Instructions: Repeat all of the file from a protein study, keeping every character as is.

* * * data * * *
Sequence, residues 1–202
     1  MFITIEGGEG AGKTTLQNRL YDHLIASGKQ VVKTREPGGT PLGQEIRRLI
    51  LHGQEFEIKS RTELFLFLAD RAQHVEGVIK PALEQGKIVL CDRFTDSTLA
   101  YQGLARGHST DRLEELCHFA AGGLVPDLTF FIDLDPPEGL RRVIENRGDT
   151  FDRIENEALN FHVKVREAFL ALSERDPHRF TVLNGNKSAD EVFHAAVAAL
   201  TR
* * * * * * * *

Sequence, residues 1–202
     1  MFITIEGGEG AGKTTLQNRL YDHLIASGKQ VVKTREPGGT PLGQEIRRLI
    51  LHGQEFEIKS RTELFLFLAD RAQHVEGVIK PALEQGKIVL CDRFTDSTLA
   101  YQGLARGHST DRLEELCHFA AGGLVPDLTF FIDLDPPEGL RRVIENRGDT
   151  FDRIENEALN FHVKVREAFL ALSERDPHRF TVLNGNKSAD EVFHAAVAAL
   201  TR